The catalyst for writing this book was Brad Feld.  Brad has been a friend, mentor, investor, and Board member for over a decade.  We’ve had many great times, meals, and conversations together over the years, not the least of which was staggering across the finish line together at the New York City Marathon in 2005.  Brad started writing books a few years ago, and I’ve been peripherally involved with them, first with Do More Faster:  TechStars Lessons to Accelerate Your Startup (I contributed one of the chapters) and then with Venture Deals:  Be Smarter Than Your Lawyer and Venture Capitalist (I wrote all the “Entrepreneur Perspective” sidebars).

Those are great books, and they’ve been incredibly well received by the global entrepreneurial community.  But then Brad got the bug, and now he’s in the middle of writing FOUR new books with Wiley that will all come out over the next year.  They are:

These four books, plus the two earlier ones, plus Startup CEO, are all part of the Startup Revolution series.  While I’ll continue to do most of my blogging and posting here on OnlyOnce, I’d also encourage you to check out the Startup Revolution site and sign up to be a member of that community.  I’ll be doing some things on that site as well in connection with Startup CEO, and it’s a more concentrated place to post and comment on all things Startup.  In addition, we’ll be putting a bunch of add-ons to the book on that site closer to publication time.

I hope Startup CEO becomes a standard for all new CEOs.  I don’t think I have all the answers, but at least others can benefit by learning from my 13 years of successes and mistakes!  Now all I have to do is go write the darned thing.

Nov 012012

Job 1

Job 1

The first “new” post in my series of posts about Return Path’s 14 Core Values is, fittingly,

Job 1:  We are all responsible for championing and extending our unique culture as a competitive advantage.

The single most frequently asked question I have gotten internally over the last few years since we grew quickly from 100 employees to 350 has been some variant of “Are you worried about our ability to scale our culture as we hire in so many new people?”  This value is the answer to that question, though the short answer is “no.”

I am not solely responsible for our culture at Return Path. I’m not sure I ever was, even when we were small.  Neither is Angela, our SVP of People.  That said, it was certainly true that I was the main architect and driver of our culture in the really early years of the company’s life.  And I’d add that even up to an employee base of about 100 people, I and a small group of senior or tenured people really shouldered most of the burden of defining and driving and enforcing our culture and values.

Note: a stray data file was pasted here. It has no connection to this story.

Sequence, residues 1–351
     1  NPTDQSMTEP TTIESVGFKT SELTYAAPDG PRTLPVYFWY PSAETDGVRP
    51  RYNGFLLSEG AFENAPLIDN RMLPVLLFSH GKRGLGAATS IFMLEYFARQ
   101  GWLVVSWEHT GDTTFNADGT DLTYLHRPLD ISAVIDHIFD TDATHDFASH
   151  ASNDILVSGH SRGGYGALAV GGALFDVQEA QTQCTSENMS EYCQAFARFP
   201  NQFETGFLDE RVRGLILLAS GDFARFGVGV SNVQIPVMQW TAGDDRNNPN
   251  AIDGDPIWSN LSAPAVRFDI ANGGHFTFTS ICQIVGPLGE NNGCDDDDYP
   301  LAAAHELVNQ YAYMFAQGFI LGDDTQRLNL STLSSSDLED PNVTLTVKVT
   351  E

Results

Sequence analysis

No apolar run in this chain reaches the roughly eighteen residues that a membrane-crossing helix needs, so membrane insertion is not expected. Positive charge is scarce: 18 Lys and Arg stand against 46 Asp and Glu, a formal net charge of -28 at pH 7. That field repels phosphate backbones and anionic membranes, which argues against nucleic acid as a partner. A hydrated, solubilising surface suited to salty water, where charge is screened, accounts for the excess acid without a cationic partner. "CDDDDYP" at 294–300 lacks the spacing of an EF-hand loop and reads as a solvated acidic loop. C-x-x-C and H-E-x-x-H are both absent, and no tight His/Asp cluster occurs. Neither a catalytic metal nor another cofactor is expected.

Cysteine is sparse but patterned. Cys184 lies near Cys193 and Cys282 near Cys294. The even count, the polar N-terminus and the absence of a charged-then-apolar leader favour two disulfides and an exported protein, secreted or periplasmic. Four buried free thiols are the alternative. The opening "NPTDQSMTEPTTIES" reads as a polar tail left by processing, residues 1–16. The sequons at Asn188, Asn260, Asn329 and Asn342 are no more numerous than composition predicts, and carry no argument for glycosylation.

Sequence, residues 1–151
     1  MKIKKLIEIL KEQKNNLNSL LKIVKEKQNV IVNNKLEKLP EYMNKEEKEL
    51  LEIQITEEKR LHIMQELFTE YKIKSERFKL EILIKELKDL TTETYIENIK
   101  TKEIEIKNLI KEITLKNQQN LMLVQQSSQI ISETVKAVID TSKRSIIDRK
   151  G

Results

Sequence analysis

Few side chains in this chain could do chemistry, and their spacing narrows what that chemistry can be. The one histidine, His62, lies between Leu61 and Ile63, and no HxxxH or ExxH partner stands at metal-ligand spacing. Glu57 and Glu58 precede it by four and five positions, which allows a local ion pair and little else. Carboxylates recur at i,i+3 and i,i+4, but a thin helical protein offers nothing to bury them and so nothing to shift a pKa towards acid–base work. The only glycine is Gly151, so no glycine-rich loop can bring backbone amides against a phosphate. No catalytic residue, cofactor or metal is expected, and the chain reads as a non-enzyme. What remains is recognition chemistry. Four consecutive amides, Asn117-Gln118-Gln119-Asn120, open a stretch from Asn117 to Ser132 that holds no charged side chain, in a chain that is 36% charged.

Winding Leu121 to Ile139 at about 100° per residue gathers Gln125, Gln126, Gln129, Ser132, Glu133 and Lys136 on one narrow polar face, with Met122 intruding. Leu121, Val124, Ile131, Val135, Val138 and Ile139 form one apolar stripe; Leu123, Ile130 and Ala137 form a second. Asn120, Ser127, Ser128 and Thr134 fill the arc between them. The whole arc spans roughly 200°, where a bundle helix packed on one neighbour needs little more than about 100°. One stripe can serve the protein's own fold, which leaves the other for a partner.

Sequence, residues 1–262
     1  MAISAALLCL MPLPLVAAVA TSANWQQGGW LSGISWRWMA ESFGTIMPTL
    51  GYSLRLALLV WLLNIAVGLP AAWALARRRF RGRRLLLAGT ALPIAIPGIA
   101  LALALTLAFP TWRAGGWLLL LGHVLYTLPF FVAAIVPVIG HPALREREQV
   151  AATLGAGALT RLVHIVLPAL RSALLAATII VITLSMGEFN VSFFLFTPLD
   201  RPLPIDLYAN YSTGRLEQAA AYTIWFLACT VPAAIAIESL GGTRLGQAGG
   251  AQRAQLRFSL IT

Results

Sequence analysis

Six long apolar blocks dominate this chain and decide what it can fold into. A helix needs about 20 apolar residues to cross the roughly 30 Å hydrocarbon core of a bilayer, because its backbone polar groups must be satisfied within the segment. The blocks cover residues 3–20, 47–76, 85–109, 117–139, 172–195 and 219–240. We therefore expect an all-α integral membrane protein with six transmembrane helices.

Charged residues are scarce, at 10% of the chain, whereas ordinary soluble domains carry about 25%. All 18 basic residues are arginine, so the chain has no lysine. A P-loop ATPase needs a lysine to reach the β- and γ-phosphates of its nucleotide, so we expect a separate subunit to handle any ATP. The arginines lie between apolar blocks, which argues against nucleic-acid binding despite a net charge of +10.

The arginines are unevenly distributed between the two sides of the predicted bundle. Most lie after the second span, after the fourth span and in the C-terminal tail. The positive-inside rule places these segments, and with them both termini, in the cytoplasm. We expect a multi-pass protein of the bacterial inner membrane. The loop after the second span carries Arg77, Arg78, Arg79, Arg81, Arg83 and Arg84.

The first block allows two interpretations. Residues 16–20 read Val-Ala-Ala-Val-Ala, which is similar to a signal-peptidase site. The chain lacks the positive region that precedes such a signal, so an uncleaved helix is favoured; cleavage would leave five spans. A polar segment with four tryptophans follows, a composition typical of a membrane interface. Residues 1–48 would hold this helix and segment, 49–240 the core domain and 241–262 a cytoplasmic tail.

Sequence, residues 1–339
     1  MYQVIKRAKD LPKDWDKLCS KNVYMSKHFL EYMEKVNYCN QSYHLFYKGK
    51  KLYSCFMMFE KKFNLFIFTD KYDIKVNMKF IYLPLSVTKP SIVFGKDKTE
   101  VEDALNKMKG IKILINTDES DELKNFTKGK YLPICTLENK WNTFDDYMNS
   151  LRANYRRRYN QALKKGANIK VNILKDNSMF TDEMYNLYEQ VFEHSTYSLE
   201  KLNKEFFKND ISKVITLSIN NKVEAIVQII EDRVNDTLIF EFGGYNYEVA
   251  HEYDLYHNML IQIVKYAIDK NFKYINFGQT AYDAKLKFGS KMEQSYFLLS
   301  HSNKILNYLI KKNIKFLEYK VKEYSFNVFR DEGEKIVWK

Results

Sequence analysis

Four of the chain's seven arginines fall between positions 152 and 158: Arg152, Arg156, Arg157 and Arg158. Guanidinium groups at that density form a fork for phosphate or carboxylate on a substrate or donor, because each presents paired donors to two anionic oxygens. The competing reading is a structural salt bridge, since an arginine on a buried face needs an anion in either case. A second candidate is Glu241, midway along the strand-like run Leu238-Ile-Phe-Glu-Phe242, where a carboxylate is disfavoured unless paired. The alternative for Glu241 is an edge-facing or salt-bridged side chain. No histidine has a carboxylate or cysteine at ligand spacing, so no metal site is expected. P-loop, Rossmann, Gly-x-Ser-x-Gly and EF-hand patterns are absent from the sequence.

But as the business has grown, the amount of responsibility that I and those few others have for the culture has shrunk as a percentage of the total.  It had to, by definition.  And that’s the place where cultures either scale or fall apart.  Companies who are completely dependent on their founder or a small group of old-timers to drive their cultures can’t possibly scale their cultures as their businesses grow.  Five people can be hands on with 100.  Five people can’t be hands on with 500.  The way we’ve been able to scale is that everyone at the company has taken up the mantle of protecting, defending, championing, and extending the culture.  Now we all train new employees in “The RP Way.”  We all call each other out when we fail to live up to our values.  And the result is that we have done a great job of scaling our culture with our business.

I’d also note that there are elements of our culture which have changed or evolved over the last few years as we’ve grown.  That isn’t a bad thing, as I tell old-timers all the time.  If our products stayed the same, we’d be dead in the market.  If our messaging stayed the same, we’d never sell to a new cohort of clients.  If our values stayed the same, we’d be out of step with our own reality.

Finally, this value also folds in another important concept, which is Culture as Competitive Advantage.  In an intellectual capital business like ours (or any on the internet), your business is only as good as your people.  We believe that a great culture brings in the best people, fosters an environment where they can work at the top of their games even as they grow and broaden their skills, increases the productivity and creativity of the organization’s output through high levels of collaboration, and therefore drives the best performance on a sustained basis.  This doesn’t have to be Return Path’s culture or mean that you have to live by our values.  This could be your culture and your values.  You just have to believe that those things drive your success.

Not a believer yet?  Last year, we had voluntary turnover of less than 1%.  We promoted or gave new assignments to 15% of our employees.  And almost 50% of our new hires were referred by existing employees.  Those are some very, very healthy employee metrics that lead directly to competitive advantage.  As does our really exciting announcement last week of being #11 in the mid-sized company on Fortune Magazine’s list of the best companies to work for.